Ryan J. McCombie is a Member of the Pennsylvania State University Board of Trustees. He was elected by the Alumni to serve and his term expires in 2015. He is a former Navy Seal.
10 August 2012
To: The Pennsylvania State University Board of Trustees
As I noted during the Board meeting last Tuesday (August 7), my principal issue in this ongoing saga is the lack of fairness and due process that has been afforded the University and other parties, including persons completely innocent of any wrongdoing, at the hands of the NCAA. My focus in the protective notice of appeal that was filed, and in future proceedings that may be considered, will not be on the authority of President Erickson; rather, it will be on the unlawful and extortionate actions of the NCAA, and the “rush to judgment” that has occurred as a result. This Board should not become a part of this rush to judgment under the guise of attempting to put this matter behind us. So long as the full truth has yet to come out, and there has not been a fair and thorough adjudicative process, this institution will be unable to truly begin a healing process.
Everyone should understand that at the moment in time and under the circumstances that were presented to President Erickson, he faced truly draconian choices. Under the duress of the tyrannical and unbridled power of the NCAA – – power to impose sanctions and penalties not only on our University but an entire region of Pennsylvania – – President Erickson did what I believe most of us would have done. Standing before an almighty adversary with academic, economic and other lives at stake, bravado is seldom a good tactic. Our President knew that he could be criticized for his difficult decisions, but his responsibility was to protect and mitigate the damage that had been done to what he held dear and was responsible to defend. At that moment in time, I believe President Erickson acted with courage and self sacrifice.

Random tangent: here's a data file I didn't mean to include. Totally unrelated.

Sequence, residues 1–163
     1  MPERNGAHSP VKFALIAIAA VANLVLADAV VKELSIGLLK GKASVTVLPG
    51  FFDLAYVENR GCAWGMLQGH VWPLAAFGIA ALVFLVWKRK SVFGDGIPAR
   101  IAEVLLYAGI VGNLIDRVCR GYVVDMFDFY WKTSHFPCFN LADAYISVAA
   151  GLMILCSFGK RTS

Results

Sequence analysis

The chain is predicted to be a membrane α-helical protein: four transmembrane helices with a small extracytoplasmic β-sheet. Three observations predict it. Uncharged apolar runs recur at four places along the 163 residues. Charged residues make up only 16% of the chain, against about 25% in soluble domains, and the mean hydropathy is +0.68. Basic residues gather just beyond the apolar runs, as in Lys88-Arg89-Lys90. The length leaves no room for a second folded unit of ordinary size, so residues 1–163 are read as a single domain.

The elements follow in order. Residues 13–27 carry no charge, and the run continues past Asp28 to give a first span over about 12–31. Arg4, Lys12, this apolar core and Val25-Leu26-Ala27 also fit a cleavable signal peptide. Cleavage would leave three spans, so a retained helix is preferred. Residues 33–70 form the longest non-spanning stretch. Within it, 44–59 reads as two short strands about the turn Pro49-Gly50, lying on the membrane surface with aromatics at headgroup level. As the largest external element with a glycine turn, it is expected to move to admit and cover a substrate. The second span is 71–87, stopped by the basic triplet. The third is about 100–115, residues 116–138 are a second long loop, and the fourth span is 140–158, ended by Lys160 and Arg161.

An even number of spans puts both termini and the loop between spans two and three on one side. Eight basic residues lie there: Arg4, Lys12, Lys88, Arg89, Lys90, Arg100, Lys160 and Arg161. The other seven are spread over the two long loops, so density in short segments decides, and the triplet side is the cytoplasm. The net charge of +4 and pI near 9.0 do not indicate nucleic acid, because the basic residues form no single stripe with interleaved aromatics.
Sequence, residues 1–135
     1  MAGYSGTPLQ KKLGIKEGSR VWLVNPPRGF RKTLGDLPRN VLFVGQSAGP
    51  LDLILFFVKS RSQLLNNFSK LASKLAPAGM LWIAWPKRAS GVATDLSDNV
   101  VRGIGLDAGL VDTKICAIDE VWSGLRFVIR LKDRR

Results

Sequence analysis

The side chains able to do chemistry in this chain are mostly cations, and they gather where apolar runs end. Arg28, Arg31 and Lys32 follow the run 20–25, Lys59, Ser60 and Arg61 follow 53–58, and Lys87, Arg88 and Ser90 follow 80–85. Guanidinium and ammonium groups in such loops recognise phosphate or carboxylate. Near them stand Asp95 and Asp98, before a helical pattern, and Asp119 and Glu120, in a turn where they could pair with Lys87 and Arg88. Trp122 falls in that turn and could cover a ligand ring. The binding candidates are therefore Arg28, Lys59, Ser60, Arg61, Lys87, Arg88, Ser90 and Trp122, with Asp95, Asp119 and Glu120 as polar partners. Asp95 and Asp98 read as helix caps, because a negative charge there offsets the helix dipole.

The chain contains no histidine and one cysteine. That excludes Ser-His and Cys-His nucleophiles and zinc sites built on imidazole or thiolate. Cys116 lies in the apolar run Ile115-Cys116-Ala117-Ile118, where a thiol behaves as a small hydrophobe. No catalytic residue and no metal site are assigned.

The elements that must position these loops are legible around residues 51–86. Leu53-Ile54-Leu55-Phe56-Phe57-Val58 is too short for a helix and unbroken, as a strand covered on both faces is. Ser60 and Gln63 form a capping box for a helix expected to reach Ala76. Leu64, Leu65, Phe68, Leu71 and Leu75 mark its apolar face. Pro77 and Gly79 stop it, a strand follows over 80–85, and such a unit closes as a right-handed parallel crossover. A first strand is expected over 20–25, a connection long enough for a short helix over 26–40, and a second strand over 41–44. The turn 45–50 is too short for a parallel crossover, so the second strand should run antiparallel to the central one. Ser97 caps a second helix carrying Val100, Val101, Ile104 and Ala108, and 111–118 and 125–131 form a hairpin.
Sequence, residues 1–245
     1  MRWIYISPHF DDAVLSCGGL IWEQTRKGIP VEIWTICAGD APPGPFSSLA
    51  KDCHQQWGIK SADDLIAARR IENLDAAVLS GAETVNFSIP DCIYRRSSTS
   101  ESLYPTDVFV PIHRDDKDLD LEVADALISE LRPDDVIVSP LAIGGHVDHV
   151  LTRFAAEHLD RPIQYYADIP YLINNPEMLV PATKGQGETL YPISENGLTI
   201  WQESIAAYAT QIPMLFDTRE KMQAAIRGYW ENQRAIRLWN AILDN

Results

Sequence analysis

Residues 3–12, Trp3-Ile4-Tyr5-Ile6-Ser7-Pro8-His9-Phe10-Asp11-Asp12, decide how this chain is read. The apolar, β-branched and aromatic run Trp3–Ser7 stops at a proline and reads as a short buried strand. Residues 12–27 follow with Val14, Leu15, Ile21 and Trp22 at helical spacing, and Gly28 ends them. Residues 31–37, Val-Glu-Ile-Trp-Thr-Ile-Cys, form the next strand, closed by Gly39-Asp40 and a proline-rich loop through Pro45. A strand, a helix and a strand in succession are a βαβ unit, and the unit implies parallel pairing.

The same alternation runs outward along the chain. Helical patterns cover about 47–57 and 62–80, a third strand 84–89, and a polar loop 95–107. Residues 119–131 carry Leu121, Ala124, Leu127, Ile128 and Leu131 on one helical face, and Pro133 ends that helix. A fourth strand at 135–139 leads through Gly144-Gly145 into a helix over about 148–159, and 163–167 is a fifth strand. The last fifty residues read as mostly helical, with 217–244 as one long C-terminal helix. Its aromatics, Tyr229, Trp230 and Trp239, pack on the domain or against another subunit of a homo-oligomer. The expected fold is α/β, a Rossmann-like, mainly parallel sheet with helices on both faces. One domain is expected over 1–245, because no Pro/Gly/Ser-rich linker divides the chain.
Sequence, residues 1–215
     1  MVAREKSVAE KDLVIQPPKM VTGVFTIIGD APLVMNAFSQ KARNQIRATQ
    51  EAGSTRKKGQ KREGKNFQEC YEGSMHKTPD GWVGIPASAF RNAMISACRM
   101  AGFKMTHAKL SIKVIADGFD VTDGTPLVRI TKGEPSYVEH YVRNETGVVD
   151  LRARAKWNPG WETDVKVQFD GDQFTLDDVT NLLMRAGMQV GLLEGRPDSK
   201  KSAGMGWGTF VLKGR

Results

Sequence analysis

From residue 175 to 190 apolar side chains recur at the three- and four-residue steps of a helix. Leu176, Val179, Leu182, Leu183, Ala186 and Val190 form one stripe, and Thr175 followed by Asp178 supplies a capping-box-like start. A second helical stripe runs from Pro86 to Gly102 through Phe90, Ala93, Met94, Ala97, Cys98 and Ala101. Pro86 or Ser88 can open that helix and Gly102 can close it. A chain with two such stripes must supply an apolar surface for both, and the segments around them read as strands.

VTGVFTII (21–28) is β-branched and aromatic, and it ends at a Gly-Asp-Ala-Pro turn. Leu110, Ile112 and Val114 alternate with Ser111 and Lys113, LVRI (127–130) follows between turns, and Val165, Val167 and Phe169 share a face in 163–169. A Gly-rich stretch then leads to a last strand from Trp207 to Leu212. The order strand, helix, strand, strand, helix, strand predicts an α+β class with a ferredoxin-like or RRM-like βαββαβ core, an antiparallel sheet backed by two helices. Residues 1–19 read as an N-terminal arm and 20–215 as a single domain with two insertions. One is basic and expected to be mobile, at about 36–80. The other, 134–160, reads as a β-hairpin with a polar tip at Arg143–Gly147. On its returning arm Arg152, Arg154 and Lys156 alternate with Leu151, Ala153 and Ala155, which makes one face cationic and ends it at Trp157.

It is however, the very imposition of these circumstances of unbridled power, lack of due process, and total lack of accountability by an organization which has acquired immense power, that I protest. By their own admission this was not a negotiation, it was a “cram down” intended to do grave damage to this University and its reputation.
When I see fear in the eyes and voices of University Presidents, Athletic Directors and coaches when discussing the NCAA, I know something has gone fundamentally wrong. No one should fear their government or governing body. The unchecked power of the NCAA and its ability to decree and impose penalties on its members, and by extension their communities, without due process or the rule of law – even their own – must be reviewed.
There have been a great many mistakes made in this Shakespearean tragedy, but it is culminating in the authority of an organization that has become too powerful and too willing to use that power well beyond its charter, by-laws or established precedent.
I have just had an opportunity to read the email by Joel Myers ( https://ps4rs.wordpress.com/2012/08/10/joel-n-myers-letter-to-the-board-of-trustees/) with his suggestions and proposals for moving forward on these issues. I fully support and endorse Mr. Myer’s recommendations and the reasons behind them. The NCAA’s consent decree, to which I take exception, criticizes this Board for failing to “perform its oversight duties” and for failing in its “duties to oversee the President and senior University officials.” We should not fall victim to these same fiduciary shortcomings now, simply because it will help take the attention off the NCAA or make it easier for them to deprive certain parties with their rights to have the decree reviewed by an independent appeals committee. To allow sufficient time for the full and deliberative review that Mr. Myers suggests, I will instruct my counsel to refrain from further prosecution of pending appeals or consideration of other legal actions. It is time to pause, reflect and be fully informed as a Board before casting further votes that will impact the present and future of this great University. Let’s not continue this rush to judgment and pursuit of closure for the sake of closure.
August 10, 2012